Decided on March 12,1984



K.S.Sidhu, J. - (1.)This petition of revision under Section 115 of the Civil P. C. by the defendant in a suit. pending before the Additional Munsif. Jaipur City, is directed against the appellate order of the Additional Civil Judge. Jaipur city, affirming the order of the Additional Munsif, whereby the latter had granted a temporary injunction in favour of the plaintiff in the suit restraining the defendant from selling the goods pledged by the plaintiff with the defendant to a third party and further mandating the defendant in effect to deliver the goods to the plaintiff at the rate of Rs. 6350/- per metric tonne.
(2.)The suit in which the extraordinary order of temporary injunction as aforementioned, was passed by the trial court and affirmed by the lower appellate court, has been filed by M/s. Bal-labhdas and Sons, hereinafter called the firm, against the State Bank of Bikaner and Jaipur, hereinafter called the Bank, for perpetual injunction restraining the Bank from selling the pledged floods to a third party, and. as the relief clause further proceeds, "from refusing to give delivery of the goods to the plaintiff at the rate of Rs. 6350/- per metric tonne including import duty and miscellaneous charges", and from committing breach of contract in any other manner, Ignoring the diversionary verbiage, snarl words and irrelevant 'facts which constitute the bulk of the 60 pages of the plaint, the material facts, as gathered from the record, are as follows. The firm applied for and obtained from the Bank a letter of credit, dated Feb. 27, 1981, for the purpose of importing prime quality CR 'steel sheets and other similar goods specified in the said letter from M/s. Mercantile Trading Co. of Hong Kong. The letter of credit issued by the Bank authorised M/s. Mercantile Trading Co. to draw on the firm bills for a sum not exceeding 11.95 lacs U. S. dollars, and the Bank undertook to honour the documents on presentation. The goods valuing 11.78,839.96 lacs U. S. dollars were shipped by the suppliers on Feb. 10, 1982. i. e. within the stipulated period of shipment. The goods were expected to be landed in India by the middle of April 1982. It appears that the firm which was originally confident of raising its own funds for retiring the documents, paying import duty and meeting other expenses for getting the delivery of the goods on landing was unable to do so. The firm therefore once again approached the Bank for help. Much against its earlier assurances in writing to the Bank that it would not be needing any cash credit facility for getting the goods cleared and obtaining their delivery, the firm wrote to the Bank on March 3. 1982. requesting for a cash credit pledge limit of Rs. 115 lacs. By its letter, dated. April 1. 1982, the Bank sanctioned an ad hoc cash credit pledge limit of Rs. 115 lacs for a period of three months from the date of the landing of the goods on the terms and conditions as specified in the said letter. The firm signed the said letter accepting ail the terms and conditions therein. The firm pledged the bills of lading and the imported goods as collateral and security for the loans granted. It also undertook to deposit Rs. 12.50 lacs in addition to the earlier deposit of Rs. 7.50 lacs, by way of margin money. The firm also agreed to deposit additional amount, over and above the agreed minimum of Rs. 20 lacs by way of margin, in the event of variation in the exchange rate. Another important condition. accepted by the firm as a part and parcel of the cash credit pledge contract, reads as under: YOU will also be required to deposit in advance with our D. N. Road Bombay branch the custom duty, auxiliary duty, ad valorem charges, warehouse charges, clearing agent's commission and all other miscellaneous charges in connection with taking delivery of the goods from Bonded Warehouse for storage with the Bank's approved clearing Agent. Thereafter the floods will be delivered to you only against full payment for ultimate sale to the actual users.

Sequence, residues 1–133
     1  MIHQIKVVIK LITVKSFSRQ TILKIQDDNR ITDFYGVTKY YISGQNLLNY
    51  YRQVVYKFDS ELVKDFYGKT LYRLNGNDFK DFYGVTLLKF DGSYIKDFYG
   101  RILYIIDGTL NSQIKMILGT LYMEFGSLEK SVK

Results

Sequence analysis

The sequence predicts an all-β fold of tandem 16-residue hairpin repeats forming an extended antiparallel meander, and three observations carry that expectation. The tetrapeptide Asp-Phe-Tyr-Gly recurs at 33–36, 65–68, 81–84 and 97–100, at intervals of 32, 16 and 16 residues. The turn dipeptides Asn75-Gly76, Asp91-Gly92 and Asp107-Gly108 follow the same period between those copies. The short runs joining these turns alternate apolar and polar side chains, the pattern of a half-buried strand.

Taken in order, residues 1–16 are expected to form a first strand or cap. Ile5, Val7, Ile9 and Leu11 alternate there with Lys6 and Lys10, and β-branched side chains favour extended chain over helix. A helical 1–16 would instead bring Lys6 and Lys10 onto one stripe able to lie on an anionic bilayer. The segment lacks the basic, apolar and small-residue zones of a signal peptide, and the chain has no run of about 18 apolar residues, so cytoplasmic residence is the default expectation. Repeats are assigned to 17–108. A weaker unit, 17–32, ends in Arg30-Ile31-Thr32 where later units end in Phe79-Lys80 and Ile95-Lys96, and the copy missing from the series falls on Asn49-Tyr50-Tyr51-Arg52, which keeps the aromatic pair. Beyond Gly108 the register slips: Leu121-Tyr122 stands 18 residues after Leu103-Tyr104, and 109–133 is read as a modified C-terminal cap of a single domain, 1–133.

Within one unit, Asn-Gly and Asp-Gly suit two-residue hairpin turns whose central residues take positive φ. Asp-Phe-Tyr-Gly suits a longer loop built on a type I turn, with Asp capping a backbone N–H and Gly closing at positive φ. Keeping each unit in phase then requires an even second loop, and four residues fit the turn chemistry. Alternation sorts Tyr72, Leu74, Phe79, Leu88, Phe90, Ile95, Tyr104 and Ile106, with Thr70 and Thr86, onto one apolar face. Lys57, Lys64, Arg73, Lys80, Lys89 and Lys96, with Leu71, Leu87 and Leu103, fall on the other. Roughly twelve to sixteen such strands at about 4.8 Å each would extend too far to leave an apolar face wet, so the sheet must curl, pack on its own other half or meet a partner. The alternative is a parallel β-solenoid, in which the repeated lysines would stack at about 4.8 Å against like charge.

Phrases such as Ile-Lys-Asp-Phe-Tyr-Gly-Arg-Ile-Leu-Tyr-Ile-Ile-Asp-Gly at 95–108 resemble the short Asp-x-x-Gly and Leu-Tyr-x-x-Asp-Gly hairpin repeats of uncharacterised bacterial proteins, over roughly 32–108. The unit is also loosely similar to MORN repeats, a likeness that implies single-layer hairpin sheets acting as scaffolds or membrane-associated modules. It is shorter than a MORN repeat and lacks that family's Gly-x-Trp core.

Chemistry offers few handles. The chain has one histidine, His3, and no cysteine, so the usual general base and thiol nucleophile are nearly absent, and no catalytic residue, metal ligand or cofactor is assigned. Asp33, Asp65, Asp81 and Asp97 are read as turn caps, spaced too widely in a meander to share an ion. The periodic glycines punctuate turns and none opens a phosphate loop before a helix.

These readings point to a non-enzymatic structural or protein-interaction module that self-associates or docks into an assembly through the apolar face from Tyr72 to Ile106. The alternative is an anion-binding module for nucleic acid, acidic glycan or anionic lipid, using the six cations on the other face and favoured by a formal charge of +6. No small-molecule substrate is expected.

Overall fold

(3.)The Bank retired the documents, took delivery of the floods and arranged for their storage in the bonded were-house on April 16. 1982. Instead of paying the debt, which the firm was thus owing to the Bank, and redeeming the pledged goods, the firm began to question the very basis of the agreement of cash credit pledge limit. It addressed a letter. dated. July 14, 1982. to the Bank complaining that it could not properly negotiate the terms of the cash credit pledge agreement and that it had been compelled to sign on the dotted line because it was anxious to clear the goods without any further loss. This letter was followed by similar other letters in which the firm accused the Bank of many acts of omission and commission, causing heavy losses to the firm. Finding that these baseless allegations against the Bank were counterproductive, the firm changed its stance and requested the Bank in Oct. 1982 for the accommodation of redeeming the goods in instalments on payment at the rate of Rs. 3605/- per metric tonne. The Bank did not agree and instead, insisted on the firm offering a definite and time bound programme for repayment of the entire amount of debt along with interest due under the cash credit pledge' account. The firm did not come out with any viable proposal, thus compelling the Bank to give notice to the firm of its intention to sell the pledged goods to realise the amount due from the firm. The firm replied that it had customers in view who were willing to purchase the goods at the rate of Rs. 7500/- per metric tonne and that the Bank would be selling the goods at a lower price at its own risk. The Bank wrote back on Nov. 16. 1982. that the firm may cite firm offers in that behalf within a period of one week from the date of receipt of the said letter failing which the Bank would be at liberty to sell the goods at the best available price without any further reference to the firm. This led the firm to file the suit, out of which this revision petition has arisen, in the court of the Additional Munsif and obtain the temporary injunction from him restraining the Bank from selling the goods and mandating the Bank to deliver the goods to the firm at the rate of Rs. 635Q/- per metric tonne.